Idaho's Trophy Waters
Idaho's new 2000-2001 fishing regulations include a number of "trophy fish
waters." That is, creel limits (fish size and number) have been restricted
on numerous lakes and streams to produce bigger fish there. In some cases
gear restrictions like flies-only, barbless hooks, etc. have also been set
to increase released-fish survival. Devoted lunker chasers are delighted
with all this. Those who just want to fill a frying pan are mostly
indifferent and maybe a trifle annoyed. Who wants to beat the water all
day, they argue, just to catch one or two outsized trout or bass?
by Richard North
Overlooked in this "lunker vs. number" debate is that "wall-hangers" are
just a small part of the new design. The big impact in restricting fish
kill is that average fish size will increase substantially. You may or may
not catch a 20" rainbow or cutthroat on these waters, but you'll almost
certainly land and release lots of fine trout in the 14" to 18" slot rather
than 10" hatchery dinks! On average, fishing the state's trophy waters will
simply be more fun.
Besides having some surprising stream stretches on our state's list of blue
ribbon trout rivers, the Idaho Fish and Game Department is also encouraging
"quality" fishing for bass and even panfish. In north Idaho's Hayden Lake,
for example, creeled crappie must be 10" in length, and only 15 specks may
be kept daily. This restriction partly reflects slow crappie growth rates
this far north. Still, I like the idea of a small string of "slab" specks
over a large string of runts.
Various Panhandle bass waters (e.g. Anderson, Hayden, Kelso, Granite,
Robinson, Chase, Little Round Lakes) are now catch-and-release for part of
the year, while others have bass size-limits and/or shortened seasons.
Several true trophy bass waters have also been created across the state -
only two fish may be kept with none under 20" (none under 16" at Glendale
Reservoir in the southeast region)! Check the Fishing Season and Rules Book
for lunker largemouth waters in your area.
Another novel twist in trophy fish waters is the addition of several alpine
lakes in the McCall area to our blue ribbon list. In Blackwell, Crystal,
Long, Louis, Brush, and Lake Rock Lakes you may keep only two trout, with
none under 20". Gear is restricted to flies and artificial lures with one
barbless hook. These hike-in lakes are fairly easy to reach, so they're
hammered pretty hard. It's hoped the restrictions will continue to bring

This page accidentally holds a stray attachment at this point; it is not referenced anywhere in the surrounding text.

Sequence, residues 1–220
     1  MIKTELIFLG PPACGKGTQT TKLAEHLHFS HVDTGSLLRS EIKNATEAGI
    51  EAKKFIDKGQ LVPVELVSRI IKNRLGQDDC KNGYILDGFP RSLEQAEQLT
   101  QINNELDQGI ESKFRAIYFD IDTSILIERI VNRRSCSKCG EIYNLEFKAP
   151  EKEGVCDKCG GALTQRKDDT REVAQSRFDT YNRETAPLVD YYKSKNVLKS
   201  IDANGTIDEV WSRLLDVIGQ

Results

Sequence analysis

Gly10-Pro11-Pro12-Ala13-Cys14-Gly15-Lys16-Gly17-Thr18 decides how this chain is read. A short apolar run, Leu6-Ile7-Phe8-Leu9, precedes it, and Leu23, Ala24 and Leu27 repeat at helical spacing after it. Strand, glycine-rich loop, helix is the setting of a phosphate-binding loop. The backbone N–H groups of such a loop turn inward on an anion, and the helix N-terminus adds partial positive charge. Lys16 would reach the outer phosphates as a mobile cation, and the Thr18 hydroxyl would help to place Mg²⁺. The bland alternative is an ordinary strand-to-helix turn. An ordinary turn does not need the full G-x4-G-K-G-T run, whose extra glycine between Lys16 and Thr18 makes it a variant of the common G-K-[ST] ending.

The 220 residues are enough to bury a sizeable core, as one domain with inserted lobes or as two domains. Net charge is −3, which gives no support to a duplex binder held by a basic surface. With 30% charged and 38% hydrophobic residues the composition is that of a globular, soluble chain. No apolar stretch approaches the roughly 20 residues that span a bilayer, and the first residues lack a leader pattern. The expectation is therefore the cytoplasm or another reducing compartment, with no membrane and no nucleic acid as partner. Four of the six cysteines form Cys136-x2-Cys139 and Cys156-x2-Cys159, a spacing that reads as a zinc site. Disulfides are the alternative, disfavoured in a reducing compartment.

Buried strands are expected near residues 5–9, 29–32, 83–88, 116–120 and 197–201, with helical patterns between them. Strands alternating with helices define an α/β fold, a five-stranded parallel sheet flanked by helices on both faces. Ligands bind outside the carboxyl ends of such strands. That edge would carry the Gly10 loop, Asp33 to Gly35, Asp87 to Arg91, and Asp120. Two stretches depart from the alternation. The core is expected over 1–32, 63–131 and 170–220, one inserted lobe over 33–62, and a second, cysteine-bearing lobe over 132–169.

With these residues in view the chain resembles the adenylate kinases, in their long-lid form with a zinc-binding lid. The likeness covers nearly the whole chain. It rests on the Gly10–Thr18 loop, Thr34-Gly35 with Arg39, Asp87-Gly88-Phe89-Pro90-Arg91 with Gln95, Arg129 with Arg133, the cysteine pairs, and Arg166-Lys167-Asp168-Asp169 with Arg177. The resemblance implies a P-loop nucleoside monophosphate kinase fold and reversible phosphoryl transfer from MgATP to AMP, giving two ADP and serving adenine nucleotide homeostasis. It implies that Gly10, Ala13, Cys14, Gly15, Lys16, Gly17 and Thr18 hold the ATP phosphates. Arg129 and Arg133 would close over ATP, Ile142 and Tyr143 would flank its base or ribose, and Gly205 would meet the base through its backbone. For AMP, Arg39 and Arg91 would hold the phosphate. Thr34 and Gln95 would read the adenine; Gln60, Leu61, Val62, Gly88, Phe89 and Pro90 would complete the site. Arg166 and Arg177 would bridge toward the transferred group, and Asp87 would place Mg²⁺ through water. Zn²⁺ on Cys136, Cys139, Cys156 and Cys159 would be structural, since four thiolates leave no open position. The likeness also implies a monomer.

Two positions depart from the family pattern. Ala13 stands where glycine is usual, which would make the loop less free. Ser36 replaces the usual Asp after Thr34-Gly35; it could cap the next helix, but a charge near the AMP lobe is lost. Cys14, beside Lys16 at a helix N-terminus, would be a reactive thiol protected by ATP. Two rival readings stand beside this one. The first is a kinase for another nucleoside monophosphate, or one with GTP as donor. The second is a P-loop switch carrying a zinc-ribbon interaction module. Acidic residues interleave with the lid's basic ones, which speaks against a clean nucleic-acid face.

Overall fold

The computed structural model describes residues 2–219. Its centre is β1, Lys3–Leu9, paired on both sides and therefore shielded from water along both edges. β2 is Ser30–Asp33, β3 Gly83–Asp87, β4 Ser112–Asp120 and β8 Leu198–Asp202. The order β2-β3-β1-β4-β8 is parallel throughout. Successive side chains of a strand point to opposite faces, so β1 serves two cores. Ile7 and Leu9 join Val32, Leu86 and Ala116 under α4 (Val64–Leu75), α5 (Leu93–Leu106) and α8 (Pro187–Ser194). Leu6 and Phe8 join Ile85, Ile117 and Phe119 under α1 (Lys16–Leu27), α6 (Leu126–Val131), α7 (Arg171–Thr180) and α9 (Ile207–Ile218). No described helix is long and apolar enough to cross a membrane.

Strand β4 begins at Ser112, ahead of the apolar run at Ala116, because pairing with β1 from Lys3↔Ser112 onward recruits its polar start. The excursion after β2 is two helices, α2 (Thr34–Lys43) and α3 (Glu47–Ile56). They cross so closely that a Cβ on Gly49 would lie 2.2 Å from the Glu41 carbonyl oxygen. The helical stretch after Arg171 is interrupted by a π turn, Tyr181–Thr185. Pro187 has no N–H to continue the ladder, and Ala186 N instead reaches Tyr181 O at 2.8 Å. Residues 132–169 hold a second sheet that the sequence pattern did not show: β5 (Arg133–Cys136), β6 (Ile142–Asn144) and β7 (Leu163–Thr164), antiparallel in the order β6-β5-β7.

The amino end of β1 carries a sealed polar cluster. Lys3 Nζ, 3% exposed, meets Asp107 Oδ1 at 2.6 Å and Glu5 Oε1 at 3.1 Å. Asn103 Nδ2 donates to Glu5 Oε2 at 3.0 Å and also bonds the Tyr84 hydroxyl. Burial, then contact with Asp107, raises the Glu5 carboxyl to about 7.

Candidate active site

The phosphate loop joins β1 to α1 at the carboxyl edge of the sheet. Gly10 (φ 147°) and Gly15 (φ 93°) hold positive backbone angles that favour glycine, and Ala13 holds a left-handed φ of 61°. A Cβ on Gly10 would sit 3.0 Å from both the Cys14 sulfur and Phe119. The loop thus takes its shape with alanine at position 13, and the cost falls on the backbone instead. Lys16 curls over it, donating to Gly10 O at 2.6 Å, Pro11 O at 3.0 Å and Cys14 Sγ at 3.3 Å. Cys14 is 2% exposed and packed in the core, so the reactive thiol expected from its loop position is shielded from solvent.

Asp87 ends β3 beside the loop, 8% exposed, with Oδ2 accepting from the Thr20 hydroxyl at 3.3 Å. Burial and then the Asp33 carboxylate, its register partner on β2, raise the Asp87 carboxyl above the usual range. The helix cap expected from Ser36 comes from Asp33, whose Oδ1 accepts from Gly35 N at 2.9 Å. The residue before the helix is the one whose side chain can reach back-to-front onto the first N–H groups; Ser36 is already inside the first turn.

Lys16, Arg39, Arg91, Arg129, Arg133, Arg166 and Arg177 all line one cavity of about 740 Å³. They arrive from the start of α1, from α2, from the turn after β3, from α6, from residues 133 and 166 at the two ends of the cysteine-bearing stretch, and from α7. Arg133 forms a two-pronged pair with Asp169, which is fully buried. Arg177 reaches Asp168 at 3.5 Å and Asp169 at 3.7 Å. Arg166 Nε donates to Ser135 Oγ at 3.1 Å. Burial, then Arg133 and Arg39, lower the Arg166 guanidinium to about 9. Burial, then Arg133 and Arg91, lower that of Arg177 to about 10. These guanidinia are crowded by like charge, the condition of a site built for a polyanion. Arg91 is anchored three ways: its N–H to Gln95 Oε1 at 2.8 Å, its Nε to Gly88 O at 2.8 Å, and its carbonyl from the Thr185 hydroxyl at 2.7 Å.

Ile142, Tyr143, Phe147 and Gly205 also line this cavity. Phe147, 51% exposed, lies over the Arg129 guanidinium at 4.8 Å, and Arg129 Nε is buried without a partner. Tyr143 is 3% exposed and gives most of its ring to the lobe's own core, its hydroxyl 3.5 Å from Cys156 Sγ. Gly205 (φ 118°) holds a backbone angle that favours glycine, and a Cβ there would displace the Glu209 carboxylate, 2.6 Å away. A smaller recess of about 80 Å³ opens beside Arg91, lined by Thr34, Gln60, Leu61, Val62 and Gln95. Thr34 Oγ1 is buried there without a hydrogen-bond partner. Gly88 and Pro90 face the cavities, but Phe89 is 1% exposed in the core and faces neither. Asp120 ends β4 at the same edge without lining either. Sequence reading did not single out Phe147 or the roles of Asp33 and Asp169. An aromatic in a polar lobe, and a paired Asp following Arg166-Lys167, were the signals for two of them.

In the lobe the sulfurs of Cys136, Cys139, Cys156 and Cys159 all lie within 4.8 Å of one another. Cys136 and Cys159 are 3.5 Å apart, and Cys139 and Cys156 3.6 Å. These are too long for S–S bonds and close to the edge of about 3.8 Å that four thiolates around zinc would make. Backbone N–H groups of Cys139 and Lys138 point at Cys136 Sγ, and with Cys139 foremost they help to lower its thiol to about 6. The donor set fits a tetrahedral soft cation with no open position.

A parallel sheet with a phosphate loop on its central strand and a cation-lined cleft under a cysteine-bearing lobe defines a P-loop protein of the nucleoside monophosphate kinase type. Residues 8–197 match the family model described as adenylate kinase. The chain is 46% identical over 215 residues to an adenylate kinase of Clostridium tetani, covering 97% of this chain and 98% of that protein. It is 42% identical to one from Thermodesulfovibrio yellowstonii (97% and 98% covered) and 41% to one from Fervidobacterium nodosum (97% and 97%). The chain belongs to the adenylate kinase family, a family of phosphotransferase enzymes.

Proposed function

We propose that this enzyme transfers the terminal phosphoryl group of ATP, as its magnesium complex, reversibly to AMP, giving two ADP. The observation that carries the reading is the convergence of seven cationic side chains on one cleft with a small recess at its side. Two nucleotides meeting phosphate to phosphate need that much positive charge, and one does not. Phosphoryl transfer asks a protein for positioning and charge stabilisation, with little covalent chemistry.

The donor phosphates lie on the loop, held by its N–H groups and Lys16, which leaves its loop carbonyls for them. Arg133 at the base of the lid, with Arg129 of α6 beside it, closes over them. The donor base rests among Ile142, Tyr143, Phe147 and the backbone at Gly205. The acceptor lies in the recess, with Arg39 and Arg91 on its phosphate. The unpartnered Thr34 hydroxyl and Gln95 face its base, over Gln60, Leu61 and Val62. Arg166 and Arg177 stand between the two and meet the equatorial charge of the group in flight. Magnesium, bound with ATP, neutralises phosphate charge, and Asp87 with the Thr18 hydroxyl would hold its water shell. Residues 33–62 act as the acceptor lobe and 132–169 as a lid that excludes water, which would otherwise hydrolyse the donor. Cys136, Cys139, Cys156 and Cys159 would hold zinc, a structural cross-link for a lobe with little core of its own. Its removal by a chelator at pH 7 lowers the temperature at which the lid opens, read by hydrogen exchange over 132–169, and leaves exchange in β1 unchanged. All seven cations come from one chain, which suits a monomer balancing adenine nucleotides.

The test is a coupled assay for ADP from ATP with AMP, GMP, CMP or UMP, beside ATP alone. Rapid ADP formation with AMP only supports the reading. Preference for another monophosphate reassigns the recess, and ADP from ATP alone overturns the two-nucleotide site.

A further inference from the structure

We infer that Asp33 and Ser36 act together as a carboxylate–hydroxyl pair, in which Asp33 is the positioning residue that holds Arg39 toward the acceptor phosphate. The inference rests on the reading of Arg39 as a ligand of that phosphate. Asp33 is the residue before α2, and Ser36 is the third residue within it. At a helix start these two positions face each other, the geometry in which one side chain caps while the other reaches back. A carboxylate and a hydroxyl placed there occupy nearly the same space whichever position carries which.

back their famous 20" trout. (With roughly 2,000 alpine lakes scattered
around Idaho's gorgeous outback, I don't think the meat fishermen can get
too annoyed at some being restricted.)
Cutthroat trout around the state receive special attention in the regs.
Cutts are our state fish. Since this species is so notoriously gullible,
they are easily fished down to residual runt populations. In the Salmon
Region, you may now include only two cutts in your general trout limit in
some waters, and in several waters there is a no-harvest restriction on
cutthroat. Often your cutts cannot be under 16" in the Upper Snake Region.
This will continue to produce some beautiful fish and fantastic fishing!
In Blackfoot Reservoir and most of Bear Lake (Southeast Region) cutt regs
are even more restrictive. Only hatchery cutts may be kept (fish with a fin
missing, as evidenced by a healed scar). And, in several waters, no
cutthroat can be kept under 16", plus there are no-harvest areas in the
Southeast Region. The goal is to bring back those 6 to 8-pound cutthroats
once famous in the Blackfoot drainage.
Treasure Valley anglers long complained about not having quality trout
stream angling found elsewhere in Idaho. But now, we have sections of the
Boise producing lunkers with restrictions in some areas of "none under 14".
Idaho's reputation as a trophy-trout state might be true, but fortunately
we also still have hundreds of miles of lightly-restricted catch-and-keep
streams and many dozens of fish-packed reservoirs for the frying pan crowd.
Idaho Fishing Regulations
South Fork of the Snake River Cutthroats
Trout Unlimited - Ted Trueblood Chapter
Idaho Trout by Region
Fishing Around McCall, Idaho
An Idaho trout and steelhead Fishing Guide: The Guide Shop
Cutthroat: Idaho's State Fish
Henrys Fork River Journal by Larry Tullis
Fishing Idaho: An Angler's Guide by Joe Evancho
Fly Fisher's Guide to Idaho by Ken Retallic, Rocky Barker, R. D. Dye (Illustrator)
Montana, Idaho, Wyoming Top 45 Fishing Waters edited by Ed Mitchell and Michael Robertson